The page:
Result: Slightly sweeter flavor, but no off-taste from boxed pectin, and PERFECT spreadable consistency straight from the freezer, which was my goal. In the fridge it has a rather soft set, but is certainly more spreadable than pourable.

So there you have it. I have made two more batches since the third, following the same method, but with different quantities (11 & 8 cups respectively), and both have turned out perfectly.

There are a few key steps that I truly believe helped me along in this process, both based on knowledge I gleaned online that almost-ripe Raspberries have more pectin in them, and that running them through a food processor would destroy much of the natural pectin.

So, this is how to go about making the most perfect and easy Raspberry Freezer Jam ever...

1. Pick some Raspberries. Don't worry about only getting just perfectly ripe berries, but rather, get a mix of ripe and almost-ripe (but not hard) berries, even throwing in some of the slightly over-ripe ones for good measure.

2. Gently pick them over, only rinsing when absolutely necessary (this is when having my very own row of organic berries is nice, since I have no questions about what may be in the air to contaminate them).

3. Crush the berries with a potato masher or the bottom of a soup ladle. Don't worry too much if there are some un-crushed in the batch, as you will have a chance to smash them while they are heating, and more will break down during the boil.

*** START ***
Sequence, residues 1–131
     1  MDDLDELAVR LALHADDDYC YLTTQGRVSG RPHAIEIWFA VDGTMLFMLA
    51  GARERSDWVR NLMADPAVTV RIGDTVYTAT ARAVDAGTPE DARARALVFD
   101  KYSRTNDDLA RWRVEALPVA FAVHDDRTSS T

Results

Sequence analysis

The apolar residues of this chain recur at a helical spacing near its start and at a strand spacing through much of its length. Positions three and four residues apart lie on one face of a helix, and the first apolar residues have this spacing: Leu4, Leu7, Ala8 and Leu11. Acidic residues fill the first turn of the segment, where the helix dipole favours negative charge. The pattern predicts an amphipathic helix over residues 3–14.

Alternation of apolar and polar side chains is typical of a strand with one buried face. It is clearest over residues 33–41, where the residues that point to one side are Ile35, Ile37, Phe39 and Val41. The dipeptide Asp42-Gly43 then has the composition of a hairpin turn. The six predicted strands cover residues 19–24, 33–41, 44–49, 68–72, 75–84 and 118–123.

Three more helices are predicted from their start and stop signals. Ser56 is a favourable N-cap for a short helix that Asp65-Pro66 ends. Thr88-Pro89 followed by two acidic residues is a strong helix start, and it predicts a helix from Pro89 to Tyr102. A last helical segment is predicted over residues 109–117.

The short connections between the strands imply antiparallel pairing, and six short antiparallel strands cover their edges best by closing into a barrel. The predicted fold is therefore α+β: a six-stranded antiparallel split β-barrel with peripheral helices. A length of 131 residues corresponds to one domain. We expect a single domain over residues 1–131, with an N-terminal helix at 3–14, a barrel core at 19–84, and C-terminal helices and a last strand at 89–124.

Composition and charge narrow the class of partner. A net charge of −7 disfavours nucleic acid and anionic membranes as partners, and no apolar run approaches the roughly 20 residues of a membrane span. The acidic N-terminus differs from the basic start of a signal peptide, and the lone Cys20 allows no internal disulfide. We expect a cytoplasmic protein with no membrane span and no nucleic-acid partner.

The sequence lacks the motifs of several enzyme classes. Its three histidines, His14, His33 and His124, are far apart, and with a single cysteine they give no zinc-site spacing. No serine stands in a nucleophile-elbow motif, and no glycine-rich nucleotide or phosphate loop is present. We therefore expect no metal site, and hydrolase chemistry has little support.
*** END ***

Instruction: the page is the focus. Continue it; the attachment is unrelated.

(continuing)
4. Take note of the final volume of your crushed berries before pouring them into a large pot. Add an equal amount of sugar. This is the most beautiful part of this method... no more having too many or not enough berries. If you have 2 1/4 cups of crushed berries, add 2 1/4 cups of sugar. If you have 11 5/8 cups of crushed berries, add 11 5/8 cups of sugar.

5. Heat, stirring and crushing any stray berries until the mixture comes to a full rolling boil that can't be knocked down by stirring. Continue to stir for one minute.

6. Remove from heat. See the foam on top in the next photo? That is an indicator of pectin. Nice, eh?

7. Ladle into prepared containers.

8. Allow to cool completely before placing your finished product into the freezer.

Is your mouth watering?

Just a note of warning... don't try this method with Strawberries, because it won't work. They fall into the category of fruits with the least amount of pectin. Scroll down a little on this page to see a basic list of fruits and their level of natural pectin.